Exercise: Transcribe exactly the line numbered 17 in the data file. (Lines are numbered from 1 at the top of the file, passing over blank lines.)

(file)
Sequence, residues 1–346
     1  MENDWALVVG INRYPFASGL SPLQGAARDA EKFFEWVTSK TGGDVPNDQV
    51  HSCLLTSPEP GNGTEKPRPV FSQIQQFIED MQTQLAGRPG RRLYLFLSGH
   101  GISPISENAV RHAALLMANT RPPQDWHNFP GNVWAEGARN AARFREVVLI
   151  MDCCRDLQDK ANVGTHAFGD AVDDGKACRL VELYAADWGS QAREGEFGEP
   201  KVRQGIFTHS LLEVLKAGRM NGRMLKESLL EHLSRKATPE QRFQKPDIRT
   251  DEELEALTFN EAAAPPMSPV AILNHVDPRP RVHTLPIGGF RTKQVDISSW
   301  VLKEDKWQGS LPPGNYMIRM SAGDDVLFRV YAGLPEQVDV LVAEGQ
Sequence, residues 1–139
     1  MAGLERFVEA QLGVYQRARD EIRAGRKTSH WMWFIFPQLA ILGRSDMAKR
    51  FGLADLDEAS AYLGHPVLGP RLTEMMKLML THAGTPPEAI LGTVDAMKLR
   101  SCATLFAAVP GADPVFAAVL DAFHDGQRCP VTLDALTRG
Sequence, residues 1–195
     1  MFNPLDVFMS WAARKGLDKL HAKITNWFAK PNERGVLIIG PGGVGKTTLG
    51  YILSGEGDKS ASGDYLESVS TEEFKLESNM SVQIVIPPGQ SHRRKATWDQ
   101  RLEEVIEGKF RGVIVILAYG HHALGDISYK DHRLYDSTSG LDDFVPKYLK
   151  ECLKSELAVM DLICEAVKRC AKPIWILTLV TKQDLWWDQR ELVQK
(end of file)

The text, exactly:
   151  ECLKSELAVM DLICEAVKRC AKPIWILTLV TKQDLWWDQR ELVQK